COVID-19 fraud is rapidly evolving. This page is frequently updated.
Last updated: October 21, 2020
The U.S. Department of Health and Human Services Office of Inspector General is alerting the public about fraud schemes related to the novel coronavirus (COVID-19).
Scammers are offering COVID-19 tests to Medicare beneficiaries in exchange for personal details, including Medicare information. However, the services are unapproved and illegitimate.
In one fraud scheme, some medical labs are targeting retirement communities claiming to offer COVID-19 tests, but actually drawing blood and billing federal health care programs for medically unnecessary services.
In another scheme, fraudsters are offering people a $200 Medicare card when no such cards currently exist.
Fraudsters are targeting beneficiaries in a number of ways, including telemarketing calls, text messages, social media platforms, and door-to-door visits.
These scammers use the coronavirus pandemic to benefit themselves, and beneficiaries face potential harms. The personal information collected can be used to fraudulently bill Federal health care programs and commit medical identity theft. If Medicare or Medicaid denies the claim for an unapproved test, the beneficiary could be responsible for the cost.
- Beneficiaries should be cautious of unsolicited requests for their Medicare or Medicaid numbers or personal/medical information. Medicare will not call beneficiaries to offer COVID-19 related products, services, or benefit review.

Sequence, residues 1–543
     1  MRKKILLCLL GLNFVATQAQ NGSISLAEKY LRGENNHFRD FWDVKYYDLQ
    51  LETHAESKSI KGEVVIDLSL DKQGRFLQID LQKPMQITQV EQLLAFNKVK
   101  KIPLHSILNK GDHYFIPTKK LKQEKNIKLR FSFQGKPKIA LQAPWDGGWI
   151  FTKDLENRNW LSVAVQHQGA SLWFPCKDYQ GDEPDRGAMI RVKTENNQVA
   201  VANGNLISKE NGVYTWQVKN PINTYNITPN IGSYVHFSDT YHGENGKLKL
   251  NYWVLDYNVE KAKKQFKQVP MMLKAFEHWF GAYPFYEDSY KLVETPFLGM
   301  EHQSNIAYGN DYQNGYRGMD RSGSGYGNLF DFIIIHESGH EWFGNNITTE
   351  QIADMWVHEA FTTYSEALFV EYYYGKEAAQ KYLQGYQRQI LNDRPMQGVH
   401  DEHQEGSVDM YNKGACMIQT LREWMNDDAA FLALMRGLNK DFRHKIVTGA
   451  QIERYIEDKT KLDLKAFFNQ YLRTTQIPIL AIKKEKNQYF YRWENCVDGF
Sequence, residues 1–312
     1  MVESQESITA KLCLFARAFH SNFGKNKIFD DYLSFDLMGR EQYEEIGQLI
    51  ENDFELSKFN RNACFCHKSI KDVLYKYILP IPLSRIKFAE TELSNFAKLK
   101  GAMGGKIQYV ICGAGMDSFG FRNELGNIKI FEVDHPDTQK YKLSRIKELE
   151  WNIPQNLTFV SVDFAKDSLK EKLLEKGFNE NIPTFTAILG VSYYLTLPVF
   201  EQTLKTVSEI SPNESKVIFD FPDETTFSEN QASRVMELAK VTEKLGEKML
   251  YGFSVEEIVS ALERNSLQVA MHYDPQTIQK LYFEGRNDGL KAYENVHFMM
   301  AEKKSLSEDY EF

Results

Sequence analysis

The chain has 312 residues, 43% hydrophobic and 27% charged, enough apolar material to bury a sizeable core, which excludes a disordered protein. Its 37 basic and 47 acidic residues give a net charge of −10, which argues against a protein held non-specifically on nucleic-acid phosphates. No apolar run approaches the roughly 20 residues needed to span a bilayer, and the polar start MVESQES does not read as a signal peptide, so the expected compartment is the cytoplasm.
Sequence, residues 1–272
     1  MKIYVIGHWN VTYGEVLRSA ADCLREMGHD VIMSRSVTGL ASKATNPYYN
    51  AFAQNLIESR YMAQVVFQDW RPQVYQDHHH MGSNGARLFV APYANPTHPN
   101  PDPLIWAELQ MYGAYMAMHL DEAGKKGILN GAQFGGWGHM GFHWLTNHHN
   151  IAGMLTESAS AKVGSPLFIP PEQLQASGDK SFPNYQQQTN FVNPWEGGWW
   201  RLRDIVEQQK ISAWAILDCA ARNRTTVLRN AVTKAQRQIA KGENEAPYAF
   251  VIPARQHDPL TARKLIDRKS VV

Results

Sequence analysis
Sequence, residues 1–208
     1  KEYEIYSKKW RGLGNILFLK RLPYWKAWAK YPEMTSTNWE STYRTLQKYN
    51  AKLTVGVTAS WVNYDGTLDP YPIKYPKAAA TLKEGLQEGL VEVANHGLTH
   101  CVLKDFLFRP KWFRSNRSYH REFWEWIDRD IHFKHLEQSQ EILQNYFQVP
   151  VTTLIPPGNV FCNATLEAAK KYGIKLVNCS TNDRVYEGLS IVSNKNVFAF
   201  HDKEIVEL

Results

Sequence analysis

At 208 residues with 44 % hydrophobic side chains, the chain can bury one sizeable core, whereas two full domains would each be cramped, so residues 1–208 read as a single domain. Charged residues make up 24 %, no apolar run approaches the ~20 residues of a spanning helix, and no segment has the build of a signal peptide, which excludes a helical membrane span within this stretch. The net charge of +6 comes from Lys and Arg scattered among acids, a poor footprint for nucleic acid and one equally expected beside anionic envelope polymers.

- Be suspicious of any unexpected calls or visitors offering COVID-19 tests or supplies. If you receive a suspicious call, hang up immediately. Keep in mind that if your personal information is compromised, it may be used in other fraud schemes.
- Do not respond to, or open hyperlinks in, text messages about COVID-19 from unknown individuals.
- Ignore offers or advertisements for COVID-19 testing or treatments on social media sites. If you make an appointment for a COVID-19 test online, ensure the location is an actual testing site.
- A physician or other trusted healthcare provider should assess your condition and approve any requests for COVID-19 testing.
- Do not give your personal or financial information to anyone claiming to offer HHS grants related to COVID-19.
- Be aware of scammers pretending to be COVID-19 contact tracers. Legitimate contact tracers will never ask for your Medicare number, financial information, or attempt to set up a COVID-19 test for you and collect payment information for the test.
- If you suspect COVID-19 health care fraud, report it immediately online or call 800-HHS-TIPS (800-447-8477).